This meter is interesting
in that the needle is not held in place by a hairspring but relies
on reading centrally through gravity; that is when the case is
resting in a vertical position. The top photo shows the meter
lying on its back, hence the needle is askew.
The top is made from ebonite
and is engraved with the words "INTy" and "QNTy".
The "y" in both cases are superscripts. These abbreviations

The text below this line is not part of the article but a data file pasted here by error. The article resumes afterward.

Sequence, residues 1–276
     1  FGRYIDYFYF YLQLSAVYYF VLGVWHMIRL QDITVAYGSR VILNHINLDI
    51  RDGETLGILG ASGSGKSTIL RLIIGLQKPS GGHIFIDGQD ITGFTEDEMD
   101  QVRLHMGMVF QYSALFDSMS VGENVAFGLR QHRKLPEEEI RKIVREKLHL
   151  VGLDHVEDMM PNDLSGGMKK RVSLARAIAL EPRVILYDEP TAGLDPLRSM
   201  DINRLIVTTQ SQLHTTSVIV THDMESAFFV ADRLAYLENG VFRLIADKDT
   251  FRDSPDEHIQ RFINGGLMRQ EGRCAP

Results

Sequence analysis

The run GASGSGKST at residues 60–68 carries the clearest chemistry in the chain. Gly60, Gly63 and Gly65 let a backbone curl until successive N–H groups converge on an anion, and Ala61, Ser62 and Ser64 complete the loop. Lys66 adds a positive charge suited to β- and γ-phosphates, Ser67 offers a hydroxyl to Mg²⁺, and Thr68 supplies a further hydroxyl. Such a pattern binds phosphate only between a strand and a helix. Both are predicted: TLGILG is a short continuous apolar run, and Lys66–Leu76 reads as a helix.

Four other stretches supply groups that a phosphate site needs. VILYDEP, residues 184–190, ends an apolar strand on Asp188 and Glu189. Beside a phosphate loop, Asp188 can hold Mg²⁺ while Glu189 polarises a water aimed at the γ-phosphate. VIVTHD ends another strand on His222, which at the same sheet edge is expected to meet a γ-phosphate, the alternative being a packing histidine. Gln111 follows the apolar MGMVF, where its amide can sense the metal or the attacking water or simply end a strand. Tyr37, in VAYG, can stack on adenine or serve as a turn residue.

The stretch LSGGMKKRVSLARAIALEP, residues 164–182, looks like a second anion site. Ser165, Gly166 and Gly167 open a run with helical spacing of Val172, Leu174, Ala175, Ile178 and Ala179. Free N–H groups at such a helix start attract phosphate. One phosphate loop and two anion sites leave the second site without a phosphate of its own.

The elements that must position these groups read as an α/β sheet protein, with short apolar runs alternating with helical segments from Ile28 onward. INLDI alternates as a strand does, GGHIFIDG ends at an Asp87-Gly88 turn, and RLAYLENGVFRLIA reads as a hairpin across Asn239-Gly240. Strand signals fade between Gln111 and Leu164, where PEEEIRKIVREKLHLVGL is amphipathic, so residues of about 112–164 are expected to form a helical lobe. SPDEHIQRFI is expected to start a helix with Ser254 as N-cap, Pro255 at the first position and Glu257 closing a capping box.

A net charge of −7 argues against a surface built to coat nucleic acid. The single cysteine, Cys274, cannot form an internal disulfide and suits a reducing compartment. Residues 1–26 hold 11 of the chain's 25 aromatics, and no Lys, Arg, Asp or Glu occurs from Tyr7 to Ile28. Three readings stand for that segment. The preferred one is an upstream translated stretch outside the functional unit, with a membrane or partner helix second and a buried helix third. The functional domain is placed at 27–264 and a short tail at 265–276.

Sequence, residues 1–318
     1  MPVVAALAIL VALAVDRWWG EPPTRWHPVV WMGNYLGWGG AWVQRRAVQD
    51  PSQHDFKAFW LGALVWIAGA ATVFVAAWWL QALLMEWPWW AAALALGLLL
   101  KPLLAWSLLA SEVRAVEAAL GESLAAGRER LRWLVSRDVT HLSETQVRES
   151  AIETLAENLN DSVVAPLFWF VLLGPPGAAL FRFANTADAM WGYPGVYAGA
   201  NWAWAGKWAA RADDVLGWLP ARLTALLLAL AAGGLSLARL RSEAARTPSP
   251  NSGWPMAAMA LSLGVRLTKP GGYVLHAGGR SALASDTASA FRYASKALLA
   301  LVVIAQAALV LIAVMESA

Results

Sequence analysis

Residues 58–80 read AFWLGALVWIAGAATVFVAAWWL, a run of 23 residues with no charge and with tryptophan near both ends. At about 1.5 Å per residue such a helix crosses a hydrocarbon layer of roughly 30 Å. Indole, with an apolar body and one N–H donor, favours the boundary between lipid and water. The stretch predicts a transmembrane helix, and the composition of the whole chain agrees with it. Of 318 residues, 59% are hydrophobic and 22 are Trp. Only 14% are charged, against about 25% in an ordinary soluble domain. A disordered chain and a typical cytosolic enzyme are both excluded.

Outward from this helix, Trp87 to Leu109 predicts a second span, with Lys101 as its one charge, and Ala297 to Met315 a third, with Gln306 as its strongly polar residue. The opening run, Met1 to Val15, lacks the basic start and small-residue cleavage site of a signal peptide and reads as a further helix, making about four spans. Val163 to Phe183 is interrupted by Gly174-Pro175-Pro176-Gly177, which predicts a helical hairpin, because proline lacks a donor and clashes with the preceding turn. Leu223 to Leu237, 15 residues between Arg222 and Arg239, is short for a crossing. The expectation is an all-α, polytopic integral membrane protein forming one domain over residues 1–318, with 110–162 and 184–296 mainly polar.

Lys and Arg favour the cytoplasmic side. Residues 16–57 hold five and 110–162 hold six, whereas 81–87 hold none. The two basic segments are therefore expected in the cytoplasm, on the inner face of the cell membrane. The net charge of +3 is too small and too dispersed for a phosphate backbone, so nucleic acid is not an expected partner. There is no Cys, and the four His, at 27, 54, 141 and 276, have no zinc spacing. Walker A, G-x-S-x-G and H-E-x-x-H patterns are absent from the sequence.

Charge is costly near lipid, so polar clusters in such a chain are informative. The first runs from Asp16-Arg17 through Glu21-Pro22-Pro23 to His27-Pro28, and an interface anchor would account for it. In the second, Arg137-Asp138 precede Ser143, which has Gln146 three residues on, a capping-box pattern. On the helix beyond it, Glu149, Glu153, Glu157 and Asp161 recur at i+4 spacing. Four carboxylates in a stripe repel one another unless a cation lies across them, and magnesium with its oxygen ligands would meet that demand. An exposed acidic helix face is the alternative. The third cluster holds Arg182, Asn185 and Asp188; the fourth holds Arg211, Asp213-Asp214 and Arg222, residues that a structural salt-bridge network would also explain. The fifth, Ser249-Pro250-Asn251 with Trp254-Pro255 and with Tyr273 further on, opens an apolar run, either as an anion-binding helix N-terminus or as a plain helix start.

stand for "Intensity" and "Quantity", terms
which were outmoded long before Victoria's reign was over. There
is a small lever to the bottom right which has two positions,
"1/5" and "F". Dial bezel, terminals and
the carrying ring are all brass, the internal electrical fittings
are copper and brass, and the case is a rough zinc casting.
The manufacturer is "WALTERS
Although knocked around a bit,
the instrument appears to be in good order... but what was this
model used for and when was it made?
I would hazard a guess that
it was used to test detonator circuits, maybe in a coal mine?